The issue of traditional advertising commercials is interesting because the ‘voluntary’ codes of practice in place to regulate how alcohol is portrayed (should not appeal to youth, should not suggest social success, etc.) are most relevant to this type of advertising. Given that we know that quantity of alcohol marketing is more important than content, then the apparently unchecked stream of visual references in this research may be even more important, and we could argue that the current controls are completely inadequate because they are focused on content, rather than quantity.

I can’t help but feel that we have taken our eye off the ball – the globalisation of sports such as premier league football as a product, the satellite age, the endless thirst for profit and market share within corporations, the ‘self’ regulation that fails to control the exposure reported above, the relaxed licensing laws in this country, and the increase in type, availability, and affordability of alcohol. All of these things create a perfect storm in which alcohol and sporting idols become normalised as one and the same, and the brand becomes a member of the team. It feels as though the relationship between sport and alcohol has evolved towards its perfect and logical form.

I am disturbed to be one of a generation of football fans that has been manipulated in this way and that my children are also targets. And meanwhile, the alcohol industry has a seat at the policy making table through the Public Health Responsibility Deal. So we must ask the question: are we sleepwalking into a situation where drinking alcohol is so closely associated with the sporting heroes that children see on TV, that they are being actively normalised to become drinkers? No one seems to question this, but it is time someone did, and through public health advocacy it may just be up to us.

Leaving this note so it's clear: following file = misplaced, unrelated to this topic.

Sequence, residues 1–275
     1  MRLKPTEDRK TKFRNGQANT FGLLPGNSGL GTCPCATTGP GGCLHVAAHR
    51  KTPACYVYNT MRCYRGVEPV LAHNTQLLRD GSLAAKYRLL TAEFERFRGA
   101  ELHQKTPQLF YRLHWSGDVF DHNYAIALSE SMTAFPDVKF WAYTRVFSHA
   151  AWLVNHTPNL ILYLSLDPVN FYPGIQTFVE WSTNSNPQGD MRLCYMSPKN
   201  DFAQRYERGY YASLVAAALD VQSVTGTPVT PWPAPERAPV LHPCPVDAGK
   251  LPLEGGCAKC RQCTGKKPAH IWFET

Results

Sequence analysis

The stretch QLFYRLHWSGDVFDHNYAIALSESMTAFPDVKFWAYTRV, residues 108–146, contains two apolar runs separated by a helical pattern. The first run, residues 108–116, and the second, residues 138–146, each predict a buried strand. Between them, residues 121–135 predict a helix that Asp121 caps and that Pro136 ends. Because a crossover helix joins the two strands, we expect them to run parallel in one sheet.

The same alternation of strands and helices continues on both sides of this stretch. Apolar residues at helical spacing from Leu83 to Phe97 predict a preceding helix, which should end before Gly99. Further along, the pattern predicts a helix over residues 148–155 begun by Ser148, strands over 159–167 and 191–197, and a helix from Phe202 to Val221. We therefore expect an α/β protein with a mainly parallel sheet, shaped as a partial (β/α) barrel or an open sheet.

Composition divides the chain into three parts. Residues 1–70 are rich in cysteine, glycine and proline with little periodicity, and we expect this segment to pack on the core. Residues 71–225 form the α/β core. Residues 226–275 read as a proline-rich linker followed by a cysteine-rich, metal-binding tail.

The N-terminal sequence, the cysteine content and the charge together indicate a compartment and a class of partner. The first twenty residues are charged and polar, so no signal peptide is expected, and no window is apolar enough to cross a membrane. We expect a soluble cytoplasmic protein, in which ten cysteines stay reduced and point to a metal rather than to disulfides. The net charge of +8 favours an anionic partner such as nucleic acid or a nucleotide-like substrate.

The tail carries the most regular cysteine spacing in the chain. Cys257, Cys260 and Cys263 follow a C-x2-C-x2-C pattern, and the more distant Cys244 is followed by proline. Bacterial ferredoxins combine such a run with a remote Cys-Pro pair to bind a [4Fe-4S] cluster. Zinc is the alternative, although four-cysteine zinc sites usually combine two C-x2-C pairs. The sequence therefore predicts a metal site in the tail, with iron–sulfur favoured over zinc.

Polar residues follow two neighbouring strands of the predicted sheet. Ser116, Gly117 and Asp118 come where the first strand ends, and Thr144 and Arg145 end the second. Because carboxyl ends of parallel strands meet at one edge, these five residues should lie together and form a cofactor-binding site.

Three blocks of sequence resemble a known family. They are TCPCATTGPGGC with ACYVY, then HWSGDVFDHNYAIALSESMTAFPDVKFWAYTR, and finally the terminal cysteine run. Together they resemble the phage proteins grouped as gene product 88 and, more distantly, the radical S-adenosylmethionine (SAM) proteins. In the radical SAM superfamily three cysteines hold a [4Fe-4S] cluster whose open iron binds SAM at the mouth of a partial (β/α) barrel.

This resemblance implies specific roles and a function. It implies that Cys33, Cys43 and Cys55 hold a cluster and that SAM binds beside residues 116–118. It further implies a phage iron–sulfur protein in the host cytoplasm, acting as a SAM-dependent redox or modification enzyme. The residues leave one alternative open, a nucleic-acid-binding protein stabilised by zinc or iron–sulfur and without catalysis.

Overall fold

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by Professor John Ashton, President of the Faculty of Public Health

What is the best way to advocate and improve public health policy? Quietly and diplomatically, or through loud and public protest? Or is there room for both approaches?

These are some of the questions that are part of the discussion that led to the Faculty of Public Health’s (FPH) recent decision to withdraw from the government’s Responsibility Deals, a group drawn from industry, local authorities and the public health community.

The aim of the responsibility deal was to provide a quicker means of improving public health policy than bringing new legislation before parliament. The logic was that a ‘carrot not stick’ approach would lead to faster progress than forcing companies to meet new legal requirements. Participating organisations signed up to pledges on public health issues such as physical activity, taking a billion units of alcohol out of circulation or reducing calories in food.